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Joe Biden’s parting gift to Taliban

$3.3 Billion post withdrawal of US troops after spending $83 billion on Afghan security forces in 20-years

In April 2021, the Joe Biden administration announced the withdrawal of all U.S. troops, but then requested a funding increase for Afghan security forces to $3.33 billion and $14.3 billion in unspecified ‘direct war requirements’ that include Afghanistan. for the fiscal year 2022.

The takeover of Afghanistan by the Islamic terrorist organization Taliban and the resultant surrender of the Afghan security forces raises a question on whether it could mean changes billion of dollars the Biden administration requested for Afghanistan.

The Biden-Harris Administration had submitted to Congress the President’s Fiscal Year (FY) 2022 Budget request of $752.9 billion for national defense, $715 billion of which is for the Department of Defense (DOD).

Biden administration sought $3.3 billion in the 2022 budget in operational support to sustain Afghan security forces — a 9.2 percent increase from 2021.

Biden’s decision to withdraw all US troops from Afghanistan, the 2022 budget request of $42.1 billion supports this drawdown, the resulting force posture, and other contingency operations. The request supports the continued development of the Afghan army and police to serve as an effective security force that is able to battle terrorism and insurgent threats.

Through the Pentagon, the US government claimed it would continue to build partnerships using the Afghanistan Security Forces Fund (ASFF) ($3.3 billion) for the sustainment, infrastructure, equipment, and training requirements for an authorized force of up to 352,000 Ministry of Defense (MoD) and Ministry of Interior (MoI) personnel.

The U.S. allocation for 2022 is $3.3 billion. It will include $1 billion to support the Afghan Air Force and Special Mission Wing, $1 billion for fuel, ammunition, and spare parts, and $700 million to pay salaries for Afghan soldiers.

The $83 Billion figure covers a wide range of items. For example, the U.S. spent nearly $10 billion on vehicles and aircraft. It spent $3.75 billion on fuel for the Afghan military between 2010-2020 according to the Office of the Special Inspector General for Afghanistan Reconstruction SIGAR report. Separately, another $5.8 billion went into economic and government development and infrastructure since 2001, with the expressed goal of winning public support and blunting the Taliban insurgency.

Pentagon officials say the United States would still support Afghanistan through financial means, not boots on the grounds.

Interestingly, the US government built and trained the Afghan security forces at a two-decade cost of $83 billion. But the Afghan security forces collapsed so quickly and completely — in some cases without a shot fired — that the ultimate beneficiary of the American investment turned out to be the Taliban. They grabbed not only political power but also U.S.-supplied firepower — guns, ammunition, helicopters, and more.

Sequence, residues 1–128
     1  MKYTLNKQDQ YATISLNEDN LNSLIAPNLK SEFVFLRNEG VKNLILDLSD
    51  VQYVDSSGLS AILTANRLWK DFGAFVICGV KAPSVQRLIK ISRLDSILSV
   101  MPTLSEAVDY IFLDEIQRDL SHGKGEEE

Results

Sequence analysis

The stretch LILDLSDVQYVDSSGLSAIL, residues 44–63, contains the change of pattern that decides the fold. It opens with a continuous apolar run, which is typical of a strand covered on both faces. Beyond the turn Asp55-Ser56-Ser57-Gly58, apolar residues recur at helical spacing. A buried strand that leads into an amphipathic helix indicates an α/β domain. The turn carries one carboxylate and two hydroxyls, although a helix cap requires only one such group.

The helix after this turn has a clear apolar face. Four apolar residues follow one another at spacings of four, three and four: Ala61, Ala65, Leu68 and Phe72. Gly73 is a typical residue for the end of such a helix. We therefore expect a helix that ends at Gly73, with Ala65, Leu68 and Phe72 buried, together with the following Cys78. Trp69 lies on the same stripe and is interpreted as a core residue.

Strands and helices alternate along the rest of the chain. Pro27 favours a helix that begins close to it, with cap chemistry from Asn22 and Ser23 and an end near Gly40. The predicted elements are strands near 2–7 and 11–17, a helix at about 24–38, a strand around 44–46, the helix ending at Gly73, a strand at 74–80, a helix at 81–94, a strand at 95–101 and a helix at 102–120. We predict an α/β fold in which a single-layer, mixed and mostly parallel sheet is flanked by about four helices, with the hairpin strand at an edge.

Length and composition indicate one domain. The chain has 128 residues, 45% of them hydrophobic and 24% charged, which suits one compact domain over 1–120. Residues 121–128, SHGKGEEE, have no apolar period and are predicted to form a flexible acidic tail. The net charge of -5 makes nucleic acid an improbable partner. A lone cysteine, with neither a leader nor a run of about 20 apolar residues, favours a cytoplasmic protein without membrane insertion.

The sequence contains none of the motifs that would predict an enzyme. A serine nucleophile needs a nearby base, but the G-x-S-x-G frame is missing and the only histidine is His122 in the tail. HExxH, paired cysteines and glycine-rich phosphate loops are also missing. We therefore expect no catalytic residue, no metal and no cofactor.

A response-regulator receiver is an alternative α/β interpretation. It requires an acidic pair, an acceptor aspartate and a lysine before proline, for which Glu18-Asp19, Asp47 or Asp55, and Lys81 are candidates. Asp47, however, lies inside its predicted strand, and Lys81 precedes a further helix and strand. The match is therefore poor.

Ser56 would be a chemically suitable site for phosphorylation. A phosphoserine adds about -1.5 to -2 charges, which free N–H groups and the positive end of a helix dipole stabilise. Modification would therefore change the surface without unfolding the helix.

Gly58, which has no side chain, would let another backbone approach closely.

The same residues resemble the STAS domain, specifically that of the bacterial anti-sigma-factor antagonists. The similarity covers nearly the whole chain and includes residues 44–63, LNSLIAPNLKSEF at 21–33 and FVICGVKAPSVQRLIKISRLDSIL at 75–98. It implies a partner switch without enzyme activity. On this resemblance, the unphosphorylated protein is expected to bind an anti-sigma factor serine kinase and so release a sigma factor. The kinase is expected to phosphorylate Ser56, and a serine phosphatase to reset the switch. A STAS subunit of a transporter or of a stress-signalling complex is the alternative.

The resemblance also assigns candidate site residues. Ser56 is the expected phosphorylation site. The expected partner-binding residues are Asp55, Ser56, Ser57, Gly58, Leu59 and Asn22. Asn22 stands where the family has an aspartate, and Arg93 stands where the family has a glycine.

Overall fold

Of the $145 billion the U.S. government spent in the reconstruction of Afghanistan, about $83 billion went to developing and sustaining its Afghan security forces (army and police forces) according to the Office of the Special Inspector General for Afghanistan Reconstruction. The $145 billion is in addition to $837 billion the United States spent fighting the war, which began with an invasion in October 2001.

Taliban seized not only political power but also US-supplied firepower — guns, ammunition, helicopters, and more. The Taliban has now in possession of an array of modern military equipment.

The Afghan Air Force (AAF) operates three types of helicopters which include the 45 UH-60 Blackhawks, 50 MD-530s, and 56 Mi-17 helicopters besides its A-29 Super Tucano fighters (23 in number), C-130 Hercules transport aircraft, C-208 utility aircraft, and AC-208 fixed-wing aircraft.

As of 30 June 2021, the United States had obligated nearly $2.13 billion and disbursed about $1.78 billion of ASFF appropriated from FY 2019 through FY 2021 to build, train, equip, and sustain the AAF.

The AAF had 167 available aircraft among the 211 aircraft in its total inventory.

In just the last three months from April to July 2021, the US handed over to the Afghan National Defense and Security forces (ANDSF) six A-29 light attack aircraft, 174 High Mobility Multipurpose Wheeled Vehicles (Humvees), about 10,000 2.75 inch high-explosive rockets, 61,000 40-mm high explosive rounds, 9,00,000 rounds of .50 caliber ammo, and 20,15,600 rounds of 7.62 mm bulletsthe

The Taliban interestingly are geared up with American-supplied tools, without having to raise a single paisa for it. A gift from America. The Afghan security forces have meekly surrendered to the Taliban.

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Savio Rodrigues

Savio Rodrigues Founder & Editor-in-Chief GoaChronicle.com
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